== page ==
Keith hadn’t planned to get high that night. He was on a “no drugs” kick—he thought smoking would slow him down in his sport. But it was the last day of the season, and when he went to a friend’s house to shoot some hoops, his friend said he’d rather smoke. Keith had heard it was cool to smoke and then play ball. His friend had a pipe. Keith called his mom to see if she would drop them at the mall.
After the purchase, Keith put the bag in his jeans pocket, and the two teens went inside to the food court to find matches. A girl they knew was working there. They told her it was Keith’s first time smoking. She told Keith he’d like it, handed them a lighter, and said they could keep it. “Trust me,” she said, “you’ll need it.”
They went up to the top level of the parking lot. Keith ducked behind a car and took a hit while his friend kept a lookout. They alternated. “Oh, my God,” Keith thought to himself. “The DEA is gonna sweep in and catch us.”
After they shared four bowls, Keith tucked the bag inside his tennis shoe, and he and his friend walked around the mall. Keith felt like everyone was looking at him. His mouth was dry. He got hungry. He stared at a light in the Sharper Image. He laughed.
The boys ate at Panda Express and then went to Nordstrom, where they sprayed themselves head-to-toe with cologne. His friend’s mom picked them up a little later and asked about the odor. Nordstrom was giving out samples, they told her.
At Keith’s friend’s house later that night, they put a towel under the bedroom door, opened the window, and lit another bowl. His parents were asleep on the same level.
Fairfax County teacher Eileen McLaughlin stands in front of a table in a large room in an administrative building in Falls Church. The table is covered with flavored beers, tobacco, and drug paraphernalia. She’s giving parents a lesson.
“Our kids are very clever,” she says. “They take a soda can, crush it, make one hole, and smoke through it.”
She holds up what looks like a green highlighter. “It’s a marijuana pipe,” McLaughlin says. “They get it off the Internet.”
She picks up a paper-towel roll and demonstrates how teens stick a laundry dryer sheet at the end and exhale through the roll. “Got high and Mom and Dad are coming home soon?” she says. “The house will smell Downy fresh.”
For five years, McLaughlin has been listening to Fairfax middle- and high-school students say things parents don’t like to hear. Under the county’s Safe and Drug-Free Youth program, students who get caught once for alcohol or drug offenses (not including distribution) can, as part of a suspension, spend three days in the classroom of McLaughlin and her colleague Liz Honig. For tobacco violations, students spend one day there. The walls are covered with anti-drug, anti-smoking, and drunk-driving posters. There’s candy on a table for students who crave cigarettes.
The teens, who have included student-government presidents and International Baccalaureate students, sit at desks in a semicircle and swap stories, which are kept confidential. It’s the first time many have been in trouble.
Discussion topics include how they feel when they’re high, when they started smoking, and what they lace their pot with. A few students have told McLaughlin and Honig that they smoke with their parents. Some make their pipes in school. One of McLaughlin’s colleagues has talked to Fairfax girls who hide pot in tampon containers.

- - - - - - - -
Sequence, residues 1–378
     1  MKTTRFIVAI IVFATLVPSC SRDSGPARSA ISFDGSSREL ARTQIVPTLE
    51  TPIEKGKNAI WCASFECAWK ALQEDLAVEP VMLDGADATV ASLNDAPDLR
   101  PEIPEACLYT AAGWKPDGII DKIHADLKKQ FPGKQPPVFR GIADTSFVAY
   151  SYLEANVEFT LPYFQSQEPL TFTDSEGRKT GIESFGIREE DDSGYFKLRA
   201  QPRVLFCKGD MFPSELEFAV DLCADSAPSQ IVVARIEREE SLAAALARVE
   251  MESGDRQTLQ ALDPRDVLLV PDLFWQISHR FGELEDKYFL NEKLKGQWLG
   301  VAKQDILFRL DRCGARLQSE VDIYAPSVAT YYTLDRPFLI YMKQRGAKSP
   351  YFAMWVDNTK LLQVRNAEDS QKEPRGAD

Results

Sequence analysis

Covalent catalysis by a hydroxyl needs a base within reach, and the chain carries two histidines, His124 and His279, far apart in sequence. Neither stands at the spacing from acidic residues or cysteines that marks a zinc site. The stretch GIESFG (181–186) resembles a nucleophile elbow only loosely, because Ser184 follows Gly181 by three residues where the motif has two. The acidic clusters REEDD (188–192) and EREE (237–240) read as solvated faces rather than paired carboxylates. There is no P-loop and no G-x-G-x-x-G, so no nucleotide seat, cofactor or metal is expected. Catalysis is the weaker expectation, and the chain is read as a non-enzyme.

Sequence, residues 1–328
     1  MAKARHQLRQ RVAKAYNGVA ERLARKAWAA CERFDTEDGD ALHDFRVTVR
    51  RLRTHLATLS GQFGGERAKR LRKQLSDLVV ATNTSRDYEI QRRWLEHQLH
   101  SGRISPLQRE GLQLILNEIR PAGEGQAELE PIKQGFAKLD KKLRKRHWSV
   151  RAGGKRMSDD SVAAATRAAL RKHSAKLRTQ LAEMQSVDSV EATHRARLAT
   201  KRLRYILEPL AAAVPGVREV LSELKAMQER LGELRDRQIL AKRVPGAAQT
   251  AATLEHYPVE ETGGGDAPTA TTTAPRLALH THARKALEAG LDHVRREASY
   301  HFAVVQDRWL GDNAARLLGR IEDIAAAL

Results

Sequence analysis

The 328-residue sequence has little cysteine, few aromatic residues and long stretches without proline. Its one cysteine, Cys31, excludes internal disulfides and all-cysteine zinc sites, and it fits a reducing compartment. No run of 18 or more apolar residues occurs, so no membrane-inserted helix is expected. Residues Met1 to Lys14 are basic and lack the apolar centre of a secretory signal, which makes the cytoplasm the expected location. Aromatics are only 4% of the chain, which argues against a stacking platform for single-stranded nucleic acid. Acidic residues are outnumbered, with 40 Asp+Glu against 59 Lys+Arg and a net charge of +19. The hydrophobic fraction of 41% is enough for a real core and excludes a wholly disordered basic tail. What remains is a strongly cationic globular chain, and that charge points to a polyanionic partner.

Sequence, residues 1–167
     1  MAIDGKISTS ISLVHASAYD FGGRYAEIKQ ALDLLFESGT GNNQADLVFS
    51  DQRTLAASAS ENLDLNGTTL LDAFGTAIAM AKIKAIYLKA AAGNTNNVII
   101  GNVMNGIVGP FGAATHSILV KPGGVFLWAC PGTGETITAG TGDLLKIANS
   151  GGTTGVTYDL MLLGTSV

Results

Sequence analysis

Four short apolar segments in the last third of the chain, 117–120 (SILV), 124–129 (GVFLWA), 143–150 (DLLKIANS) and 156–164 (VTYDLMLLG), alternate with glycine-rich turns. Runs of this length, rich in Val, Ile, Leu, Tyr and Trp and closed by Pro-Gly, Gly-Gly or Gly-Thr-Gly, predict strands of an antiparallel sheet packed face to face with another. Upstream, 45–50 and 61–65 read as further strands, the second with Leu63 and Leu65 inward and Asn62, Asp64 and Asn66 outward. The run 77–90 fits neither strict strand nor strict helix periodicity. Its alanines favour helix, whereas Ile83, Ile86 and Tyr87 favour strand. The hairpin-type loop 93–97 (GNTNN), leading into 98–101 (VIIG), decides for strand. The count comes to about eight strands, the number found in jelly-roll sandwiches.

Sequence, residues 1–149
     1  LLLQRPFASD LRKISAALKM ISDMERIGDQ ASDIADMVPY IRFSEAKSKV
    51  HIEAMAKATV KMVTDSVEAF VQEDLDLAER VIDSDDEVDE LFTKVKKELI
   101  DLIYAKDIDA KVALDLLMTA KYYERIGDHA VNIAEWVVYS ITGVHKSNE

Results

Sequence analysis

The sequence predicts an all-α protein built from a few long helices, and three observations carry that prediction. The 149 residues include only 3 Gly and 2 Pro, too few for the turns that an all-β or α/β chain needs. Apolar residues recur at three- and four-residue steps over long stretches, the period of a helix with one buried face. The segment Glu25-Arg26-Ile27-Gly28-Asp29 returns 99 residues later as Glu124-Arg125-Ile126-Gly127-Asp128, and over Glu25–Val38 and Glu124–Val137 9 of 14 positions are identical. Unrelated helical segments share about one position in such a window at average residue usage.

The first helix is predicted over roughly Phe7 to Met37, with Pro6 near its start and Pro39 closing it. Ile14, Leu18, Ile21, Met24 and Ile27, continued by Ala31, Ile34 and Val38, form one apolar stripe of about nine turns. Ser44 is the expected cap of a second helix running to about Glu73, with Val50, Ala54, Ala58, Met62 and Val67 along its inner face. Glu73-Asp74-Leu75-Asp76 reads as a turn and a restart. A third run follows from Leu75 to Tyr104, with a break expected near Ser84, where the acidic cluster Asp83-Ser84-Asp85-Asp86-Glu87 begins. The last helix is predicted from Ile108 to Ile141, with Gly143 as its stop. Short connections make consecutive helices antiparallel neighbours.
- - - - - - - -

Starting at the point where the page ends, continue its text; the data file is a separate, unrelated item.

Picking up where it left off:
Guest speakers include a lawyer who performs a skit about possession laws. He plays the dealer. He asks students to stand around him, then drops a bag of “marijuana” (it’s mulch) on the ground. The students, he explains, are now as guilty as he is.
At the meeting with parents, McLaughlin hands out drug-testing kits for them to take home. She also has a copy of High Times magazine.
“A lot are adding OxyContin to their marijuana,” McLaughlin tells the parents. If they add opium, she says, they call it “red rock.”
She has a small black butterfly clip, the kind that binds paper together, attached to the plastic ID holder around her neck. Teens use the clips for joints, she says. “When it burns down, it gets hotter and hotter, and they want to keep their fingers from getting burned but not waste any.”
McLaughlin notes that you can buy blunts—cigars that teens cut open and fill with marijuana—at convenience stores. They come in different flavors. She recently picked up a tiny blue pipe, sized for a key chain, at a gas station nearby. As long as the products are intended for tobacco use, merchants can sell them.
One mother approaches McLaughlin during a break. “Things have changed so much since I was a kid,” she says.
A box of Phillies blunts is empty on the kitchen counter of a nice house in Bethesda. Beside it is a can of Lysol and some empty Bud Light cans. The crowd in the kitchen is watching a beer-pong game. Red plastic cups are half-filled with Corona, a step up from what Keith and his friends usually drink. What you’re drinking isn’t as important as how fast you get the ball into your opponent’s cup.
It’s a warm night, and a few partygoers are funneling beers on the back porch. The hosts’ parents are out of town. One guest pours a Coors Light into the top of a funnel while another wraps his mouth around the end of the long thin tube. It’s a form of chugging. Girls are smoking cigarettes.